Rumsfeld's visit to Mosul came as U.S. Marines engaged in the heaviest fighting in weeks in Fallujah, the embattled city west of Baghdad, where U.S. troops waged bloody battles before clearing the city of most militants last month. At least three Marines were killed in combat that underlined how far the city and surrounding area are from being tamed as the United States and its Iraqi allies try to bring quiet before national elections Jan. 30.

In introducing Rumsfeld to his troops at Task Force Olympia headquarters, Brig. Gen. Carter Hall expressed gratitude for what he described as an outpouring of Christmas cards and other expressions of thanks and condolences from people across the United States since Tuesday's attack.

"It has been truly heartwarming," Hall said.

In his prepared remarks to Hall's soldiers, Rumsfeld alluded to Tuesday' attack and said he was inspired by the spirit shown by the wounded. He said he had visited other wounded troops at Walter Reed Army Medical Center in Washington on Wednesday.

"It's amazing, what they say, how they feel about the work that's being done out here," he said.

Rumsfeld's stealth Christmas Eve trip came on the heels of several difficult weeks for the defense chief. Several high-profile Republicans have publicly criticized Rumsfeld, prompting President Bush to defend him Monday as a "good human being who cares deeply about the military and deeply about the grief that war causes."

Speaking for himself on Wednesday, Rumsfeld said he stays awake at night worrying about soldiers and their families and shares their grief over lost loved ones.

"I am truly saddened by the thought that anyone could have the impression that I, or others here, are doing anything other than working urgently to see that the lives of the fighting men and women are protected and are cared for in every way humanly possible," he said.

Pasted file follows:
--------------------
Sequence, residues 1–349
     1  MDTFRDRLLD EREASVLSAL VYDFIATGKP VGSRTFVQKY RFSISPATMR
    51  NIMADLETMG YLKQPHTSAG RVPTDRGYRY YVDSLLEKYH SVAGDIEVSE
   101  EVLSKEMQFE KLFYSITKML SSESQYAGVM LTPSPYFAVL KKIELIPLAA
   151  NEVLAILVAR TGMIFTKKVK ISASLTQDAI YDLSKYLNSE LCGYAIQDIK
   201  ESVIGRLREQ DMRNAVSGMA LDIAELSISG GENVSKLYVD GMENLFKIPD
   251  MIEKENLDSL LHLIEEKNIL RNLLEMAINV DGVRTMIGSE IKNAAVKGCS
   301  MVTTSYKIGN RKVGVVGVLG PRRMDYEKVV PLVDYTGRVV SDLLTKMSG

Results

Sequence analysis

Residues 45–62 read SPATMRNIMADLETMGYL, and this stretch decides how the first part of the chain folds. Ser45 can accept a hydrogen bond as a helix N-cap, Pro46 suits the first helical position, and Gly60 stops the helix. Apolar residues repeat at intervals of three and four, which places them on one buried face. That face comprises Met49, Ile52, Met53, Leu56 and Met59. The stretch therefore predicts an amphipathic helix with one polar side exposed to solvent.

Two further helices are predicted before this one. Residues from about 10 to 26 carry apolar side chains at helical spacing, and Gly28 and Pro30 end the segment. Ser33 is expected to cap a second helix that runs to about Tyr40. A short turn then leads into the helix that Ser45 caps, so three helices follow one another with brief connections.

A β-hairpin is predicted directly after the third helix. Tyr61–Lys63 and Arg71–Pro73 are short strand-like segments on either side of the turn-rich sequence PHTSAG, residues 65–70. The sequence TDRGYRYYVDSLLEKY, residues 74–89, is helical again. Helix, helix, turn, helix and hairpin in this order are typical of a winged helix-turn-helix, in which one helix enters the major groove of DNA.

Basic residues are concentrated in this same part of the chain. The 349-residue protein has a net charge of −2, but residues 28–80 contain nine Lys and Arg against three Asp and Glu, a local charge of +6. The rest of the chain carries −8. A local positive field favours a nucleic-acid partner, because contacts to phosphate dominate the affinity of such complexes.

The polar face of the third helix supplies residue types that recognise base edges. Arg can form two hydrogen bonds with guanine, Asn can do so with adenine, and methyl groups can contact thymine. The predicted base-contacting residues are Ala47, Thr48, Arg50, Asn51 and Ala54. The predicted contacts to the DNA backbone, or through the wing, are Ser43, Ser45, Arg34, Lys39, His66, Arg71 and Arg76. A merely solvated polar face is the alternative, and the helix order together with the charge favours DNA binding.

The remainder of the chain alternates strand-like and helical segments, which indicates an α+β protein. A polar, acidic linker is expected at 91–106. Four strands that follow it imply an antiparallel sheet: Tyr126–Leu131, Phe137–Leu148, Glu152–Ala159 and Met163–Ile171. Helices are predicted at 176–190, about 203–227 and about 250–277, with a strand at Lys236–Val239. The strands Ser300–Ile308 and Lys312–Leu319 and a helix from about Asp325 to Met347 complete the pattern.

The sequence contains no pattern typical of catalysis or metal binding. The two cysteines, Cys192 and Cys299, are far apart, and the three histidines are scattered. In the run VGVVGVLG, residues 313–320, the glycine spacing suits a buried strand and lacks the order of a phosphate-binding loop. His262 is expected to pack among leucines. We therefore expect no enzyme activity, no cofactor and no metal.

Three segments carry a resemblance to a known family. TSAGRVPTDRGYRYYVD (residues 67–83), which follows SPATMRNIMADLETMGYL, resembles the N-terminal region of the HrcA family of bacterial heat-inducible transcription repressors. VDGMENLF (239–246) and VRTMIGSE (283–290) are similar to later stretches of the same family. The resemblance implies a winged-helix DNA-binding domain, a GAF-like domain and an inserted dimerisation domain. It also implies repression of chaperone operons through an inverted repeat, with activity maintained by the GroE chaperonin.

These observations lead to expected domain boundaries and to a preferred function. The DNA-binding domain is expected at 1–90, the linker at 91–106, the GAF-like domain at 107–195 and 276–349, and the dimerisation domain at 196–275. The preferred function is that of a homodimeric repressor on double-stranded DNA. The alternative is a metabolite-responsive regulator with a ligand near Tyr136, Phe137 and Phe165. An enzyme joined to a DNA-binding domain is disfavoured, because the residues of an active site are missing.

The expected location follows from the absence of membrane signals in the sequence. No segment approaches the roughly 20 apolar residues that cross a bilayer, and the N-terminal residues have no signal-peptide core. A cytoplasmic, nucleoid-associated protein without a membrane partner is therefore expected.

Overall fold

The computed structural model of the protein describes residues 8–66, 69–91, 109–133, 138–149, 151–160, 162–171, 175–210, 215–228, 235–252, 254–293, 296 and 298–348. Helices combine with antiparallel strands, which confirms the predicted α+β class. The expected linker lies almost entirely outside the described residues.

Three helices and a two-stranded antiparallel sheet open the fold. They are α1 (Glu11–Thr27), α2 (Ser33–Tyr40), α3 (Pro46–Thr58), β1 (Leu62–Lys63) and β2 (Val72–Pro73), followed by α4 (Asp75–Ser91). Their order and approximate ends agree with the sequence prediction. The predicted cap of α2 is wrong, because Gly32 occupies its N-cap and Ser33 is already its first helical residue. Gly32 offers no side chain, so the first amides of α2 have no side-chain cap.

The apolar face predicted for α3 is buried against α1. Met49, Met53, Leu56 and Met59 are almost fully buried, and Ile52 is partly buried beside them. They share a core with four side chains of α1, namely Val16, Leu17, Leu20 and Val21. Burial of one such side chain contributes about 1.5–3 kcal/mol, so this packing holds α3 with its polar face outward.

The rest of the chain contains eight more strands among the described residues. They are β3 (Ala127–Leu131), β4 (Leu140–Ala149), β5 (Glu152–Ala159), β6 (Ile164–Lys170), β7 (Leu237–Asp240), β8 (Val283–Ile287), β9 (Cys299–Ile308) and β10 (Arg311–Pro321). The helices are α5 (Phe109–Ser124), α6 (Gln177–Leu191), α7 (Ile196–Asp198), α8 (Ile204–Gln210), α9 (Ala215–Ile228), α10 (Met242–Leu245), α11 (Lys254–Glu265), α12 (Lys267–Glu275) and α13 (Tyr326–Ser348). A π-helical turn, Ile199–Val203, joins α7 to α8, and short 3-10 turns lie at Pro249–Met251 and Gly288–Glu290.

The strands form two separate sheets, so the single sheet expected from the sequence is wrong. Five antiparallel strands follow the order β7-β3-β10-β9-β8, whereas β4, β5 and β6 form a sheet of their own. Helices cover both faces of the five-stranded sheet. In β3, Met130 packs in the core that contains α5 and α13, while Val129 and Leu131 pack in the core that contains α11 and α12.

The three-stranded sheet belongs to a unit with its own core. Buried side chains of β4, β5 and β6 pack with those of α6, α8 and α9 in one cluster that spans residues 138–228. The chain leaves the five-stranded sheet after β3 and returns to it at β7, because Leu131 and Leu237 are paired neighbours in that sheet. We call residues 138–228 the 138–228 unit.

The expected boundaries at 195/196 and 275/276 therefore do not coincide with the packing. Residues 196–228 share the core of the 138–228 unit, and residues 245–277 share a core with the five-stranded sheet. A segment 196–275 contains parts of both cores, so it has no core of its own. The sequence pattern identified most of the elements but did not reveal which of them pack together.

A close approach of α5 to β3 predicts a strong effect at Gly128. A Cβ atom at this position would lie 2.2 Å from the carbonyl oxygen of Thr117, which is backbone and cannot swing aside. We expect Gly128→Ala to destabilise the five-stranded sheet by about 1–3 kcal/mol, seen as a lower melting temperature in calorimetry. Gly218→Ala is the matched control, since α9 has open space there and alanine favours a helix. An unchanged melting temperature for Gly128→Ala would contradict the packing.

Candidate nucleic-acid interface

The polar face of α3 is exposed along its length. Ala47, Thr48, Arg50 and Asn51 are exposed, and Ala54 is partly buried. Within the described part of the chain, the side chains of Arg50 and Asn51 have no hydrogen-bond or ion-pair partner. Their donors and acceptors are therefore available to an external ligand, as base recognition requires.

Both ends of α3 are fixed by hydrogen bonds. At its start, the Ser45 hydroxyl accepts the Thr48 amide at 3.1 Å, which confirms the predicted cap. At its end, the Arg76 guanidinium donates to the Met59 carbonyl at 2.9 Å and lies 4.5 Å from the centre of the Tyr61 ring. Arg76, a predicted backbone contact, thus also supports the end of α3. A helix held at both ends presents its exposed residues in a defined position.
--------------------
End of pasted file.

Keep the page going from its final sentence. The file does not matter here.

More than 1,300 Americans have been killed since the war with Iraq began in March 2003. The Pentagon is increasing the number of troops in Iraq to a wartime high of 150,000 in January to boost security for the Iraqi elections.

Rumsfeld has made several visits to troops in the region, most recently two weeks ago to a forward base in Kuwait. There, a handful of soldiers openly challenged him about inadequate equipment and long deployments. Rumsfeld cut off their complaints by saying, "You go to war with the Army you have, not the Army you might want or wish to have."

He faced another firestorm earlier this week because he was not personally signing condolence letters to the families of dead soldiers, as the president does. Critics fault him for poor postwar planning and for a steadily growing list of problems, from failure to strangle the insurgency to prisoner abuses in Iraq and Guantanamo.

Rumsfeld's shoot-from-the hip style drew a popular following during the successful military campaigns in Afghanistan and Iraq, but postwar problems in Iraq have soured his standing with Americans. Half now say he should resign even though the president just signed him on for his second-term cabinet.

At 72, Rumsfeld is the oldest defense secretary; he was also the youngest when he served for President Gerald Ford.